Datatype duration midnight roll over

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Hello,
I have a table with a series of categorical events and associated timestamp (duration datatype) at which these events happen as shown below. Typically the recordings are overnight. I want to take the timestamps and compute the differance in seconds between each successive timestamp;
Var1 Var2
... ...
'23:51:51.000' 'STAGE - N3'
'23:52:21.000' 'STAGE - R'
'00:04:51.000' 'STAGE - N1'
'00:10:21.000' 'STAGE - N2'
... ...
I have tried a couple of methods with etime() and between() etc. without much success. Seconds() and diff() works as shown below, however at midnight the roll over from 24:59:59 to 00:00:00 causes a large negitive roll over error (shown below). Is there a built in function that can handle this?
seconds(diff(myTable{:,1}))
...
30
-85650
330
30
...
Kind regards,
Christopher

Accepted Answer

Cris LaPierre
Cris LaPierre on 21 Jul 2022
There is no concept of days with a duration variable, so there are 2 options that I could think of.
  1. Add 86400 seconds to any negative values
  2. Use datetimes instead of durations (especially if you have dates associated with your times)
dur = duration({'23:51:51.000'
'23:52:21.000'
'00:04:51.000'
'00:10:21.000'});
ds = seconds(diff(dur))
ds = 3×1
30 -85650 330
% Add one day of seconds to any negative number
ds(ds<0) = ds(ds<0) + 24*60*60
ds = 3×1
30 750 330
% use datetimes
dur = datetime({'23:51:51.000'
'23:52:21.000'
'00:04:51.000'
'00:10:21.000'});
d = [0; diff(dur)<0];
dt = dur + days(cumsum(d))
dt = 4×1 datetime array
21-Jul-2022 23:51:51 21-Jul-2022 23:52:21 22-Jul-2022 00:04:51 22-Jul-2022 00:10:21
seconds(diff(dt))
ans = 3×1
30 750 330
  4 Comments
Peter Perkins
Peter Perkins on 25 Jul 2022
"MATLAB seems to consider a time only duration/timedate as having an associated date that was never specified by the user i.e. 01/01/1980 or similar, when this was never given (and cannot be seen or queried by the user?)"
These three things are different:
datetime("10:39:04",Format="HH:mm:ss") % assumes current date
ans = datetime
10:39:04
datetime("10:39:04",InputFormat="HH:mm:ss") % assumes current date
ans = datetime
25-Jul-2022 10:39:04
duration("10:39:04",Format="hh:mm:ss")
ans = duration
10:39:04
The first is often a bad idea, although "cannot be seen or queried by the user?" is overstating it. The second is convenient for interactive use, but a terrible idea for programmatic use for obvious reasons. The third seems like what you want, except I think that you are looking for
d1 = duration(["00:00:00" "08:00:00" "16:00:00" "00:00:00 " "08:00:00" "16:00:00" "00:00:00"],Format="hh:mm:ss")
d1 = 1×7 duration array
00:00:00 08:00:00 16:00:00 00:00:00 08:00:00 16:00:00 00:00:00
to automatically increment by multiples of 24hrs as appropriate, and behave instead "as if" calling something that returns this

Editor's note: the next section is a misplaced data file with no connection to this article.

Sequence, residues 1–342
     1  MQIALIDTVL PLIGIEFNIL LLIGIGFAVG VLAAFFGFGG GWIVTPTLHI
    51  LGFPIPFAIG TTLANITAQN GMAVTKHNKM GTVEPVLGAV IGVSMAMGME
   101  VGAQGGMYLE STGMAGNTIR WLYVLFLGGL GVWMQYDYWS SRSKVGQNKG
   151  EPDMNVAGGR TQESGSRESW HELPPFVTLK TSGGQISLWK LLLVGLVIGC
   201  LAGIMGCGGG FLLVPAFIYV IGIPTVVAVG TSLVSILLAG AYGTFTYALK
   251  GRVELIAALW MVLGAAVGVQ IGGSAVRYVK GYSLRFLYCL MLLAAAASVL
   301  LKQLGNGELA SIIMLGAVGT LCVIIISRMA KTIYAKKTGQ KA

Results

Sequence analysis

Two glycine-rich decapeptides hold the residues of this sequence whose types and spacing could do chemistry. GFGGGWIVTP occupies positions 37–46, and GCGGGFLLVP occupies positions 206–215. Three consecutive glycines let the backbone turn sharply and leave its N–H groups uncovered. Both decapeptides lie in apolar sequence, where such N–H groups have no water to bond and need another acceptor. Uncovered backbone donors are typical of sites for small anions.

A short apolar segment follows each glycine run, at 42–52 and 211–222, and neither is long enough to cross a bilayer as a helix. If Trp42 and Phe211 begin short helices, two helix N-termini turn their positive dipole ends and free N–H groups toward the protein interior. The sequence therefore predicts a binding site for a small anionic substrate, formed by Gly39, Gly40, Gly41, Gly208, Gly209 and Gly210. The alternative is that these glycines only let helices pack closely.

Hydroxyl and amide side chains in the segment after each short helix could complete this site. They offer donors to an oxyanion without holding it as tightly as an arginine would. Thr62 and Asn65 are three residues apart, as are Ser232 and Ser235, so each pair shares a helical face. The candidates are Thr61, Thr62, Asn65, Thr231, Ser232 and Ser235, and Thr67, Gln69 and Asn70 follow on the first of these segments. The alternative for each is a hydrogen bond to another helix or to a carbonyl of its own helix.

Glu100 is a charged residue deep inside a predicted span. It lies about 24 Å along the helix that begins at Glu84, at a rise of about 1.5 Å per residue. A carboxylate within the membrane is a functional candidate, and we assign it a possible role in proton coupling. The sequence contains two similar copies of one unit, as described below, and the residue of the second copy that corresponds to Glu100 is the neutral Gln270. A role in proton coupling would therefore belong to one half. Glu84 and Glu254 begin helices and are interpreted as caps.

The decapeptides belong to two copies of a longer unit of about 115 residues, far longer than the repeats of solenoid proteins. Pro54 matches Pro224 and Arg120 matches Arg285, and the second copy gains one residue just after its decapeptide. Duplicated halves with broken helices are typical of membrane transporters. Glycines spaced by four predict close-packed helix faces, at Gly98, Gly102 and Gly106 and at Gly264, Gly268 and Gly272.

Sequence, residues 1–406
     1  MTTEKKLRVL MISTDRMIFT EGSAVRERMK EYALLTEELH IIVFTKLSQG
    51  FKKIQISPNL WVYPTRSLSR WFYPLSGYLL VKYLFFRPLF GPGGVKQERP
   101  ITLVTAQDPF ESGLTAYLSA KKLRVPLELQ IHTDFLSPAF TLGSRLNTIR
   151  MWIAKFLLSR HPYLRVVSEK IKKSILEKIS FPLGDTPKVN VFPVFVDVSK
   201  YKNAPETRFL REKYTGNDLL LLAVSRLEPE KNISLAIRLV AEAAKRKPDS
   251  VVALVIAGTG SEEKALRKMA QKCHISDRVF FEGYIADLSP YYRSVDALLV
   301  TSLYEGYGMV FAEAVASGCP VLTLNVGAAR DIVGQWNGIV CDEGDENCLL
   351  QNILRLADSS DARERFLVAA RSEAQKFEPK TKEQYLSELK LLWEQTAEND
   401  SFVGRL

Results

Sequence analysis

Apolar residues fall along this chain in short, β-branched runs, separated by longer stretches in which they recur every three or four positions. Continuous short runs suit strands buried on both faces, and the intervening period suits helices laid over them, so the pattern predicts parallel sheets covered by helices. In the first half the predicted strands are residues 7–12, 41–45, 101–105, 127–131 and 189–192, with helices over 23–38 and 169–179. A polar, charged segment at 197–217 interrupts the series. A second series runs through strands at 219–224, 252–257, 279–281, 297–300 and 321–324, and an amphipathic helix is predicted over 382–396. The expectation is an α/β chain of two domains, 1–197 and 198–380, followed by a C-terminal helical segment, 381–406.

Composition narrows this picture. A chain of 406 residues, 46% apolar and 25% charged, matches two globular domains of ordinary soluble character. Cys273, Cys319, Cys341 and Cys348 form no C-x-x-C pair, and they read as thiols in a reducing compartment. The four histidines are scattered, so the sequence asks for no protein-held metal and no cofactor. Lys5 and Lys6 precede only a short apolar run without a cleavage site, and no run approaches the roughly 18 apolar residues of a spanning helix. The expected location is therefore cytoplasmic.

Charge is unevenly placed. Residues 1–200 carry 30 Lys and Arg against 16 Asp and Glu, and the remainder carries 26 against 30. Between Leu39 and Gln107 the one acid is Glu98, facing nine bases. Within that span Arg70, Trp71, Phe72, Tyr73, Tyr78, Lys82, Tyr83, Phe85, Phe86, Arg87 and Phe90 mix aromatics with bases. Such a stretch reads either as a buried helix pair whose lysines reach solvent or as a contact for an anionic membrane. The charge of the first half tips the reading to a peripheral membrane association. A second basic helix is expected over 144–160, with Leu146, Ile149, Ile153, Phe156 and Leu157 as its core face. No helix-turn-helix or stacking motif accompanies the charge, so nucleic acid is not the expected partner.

d2 = duration(["00:00:00" "08:00:00" "16:00:00" "24:00:00 " "32:00:00" "40:00:00" "48:00:00"],Format="hh:mm:ss")
d2 = 1×7 duration array
00:00:00 08:00:00 16:00:00 24:00:00 32:00:00 40:00:00 48:00:00
It's possible that you are looking to call something that returns something that is like d1 but "knows" that it is monotonic. We generally stay away from that kind of thing because in that case it would be an array that contains values that look like one thing but behave like another. There are a lot of potential pitfalls in doing that.

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More Answers (1)

Star Strider
Star Strider on 21 Jul 2022
Unfortunately, duration values are limited to one day, and reset at midnight. There does not appear to be any workaround for that.
Example —
t = datetime(2022,01,01) + minutes(0:2880).';
s = sin(2*pi*(0:numel(t)-1)/720);
figure
plot(t,s)
grid
tmin = t;
tmin.Format = 'HH:mm:ss';
dt = duration(string(tmin));
figure
plot(dt,s)
grid
I would just keep them as datetime values (or convert them to datetime values), and do any analyses using that result.
.
  3 Comments
Peter Perkins
Peter Perkins on 21 Jul 2022
SS, durations don't wrap at 24hrs, they really don't.
I mean, I know you know this, but just to make sure we're on the same page, datetimes represent points along the real-world time line, and durations represent elapsed time. Another interpretation is that durations repesent time along an "engineering time line" that is not measured with calendar units. In other words, elapsed time from some origin.
"converted my datetime values to duration values (using the string function)": I don't see the code for what I guess was your original stab at that, but if it was something like
dur = duration(string(dt))
then yes, duration will throw an error because the text that string returns is not in a format that the duration ctor understands: it will (almost certainly) have a y/m/d portion, and duration has no notion of calendars.
This
dur = duration(string(dt,'dd:HH:mm:ss'))
is sort of a clever hack around that error, but its kind of an accident: dd means "day of month" in datetime formats, and your datetimes start at 1-Jan, and so you get day numbers from 1 to whatever. dd means "elapsed days" in duration formats. That's why you see the ticks on your second plot like that, starting at 24hr.
There are two recommended ways to get durations from datetimes, depending on what you are wanting to do:
1) chop them off as times of day, i.e. all in [0,24) hrs: timeofday(dt)
dt = datetime(2022,7,22,0:8:48,0,0);
dur = timeofday(dt)
dur = 1×7 duration array
00:00:00 08:00:00 16:00:00 00:00:00 08:00:00 16:00:00 00:00:00
2) get them as a monotonically increasing sequence
dur = dt - dt(1)
dur = 1×7 duration array
00:00:00 08:00:00 16:00:00 24:00:00 32:00:00 40:00:00 48:00:00
So:
t = datetime(2022,01,01) + minutes(0:2880).';
s = sin(2*pi*(0:numel(t)-1)/720);
plot(t,s)
plot(t-t(1),s)
plot(t,s,DatetimeTickFormat='hh:mm:ss')

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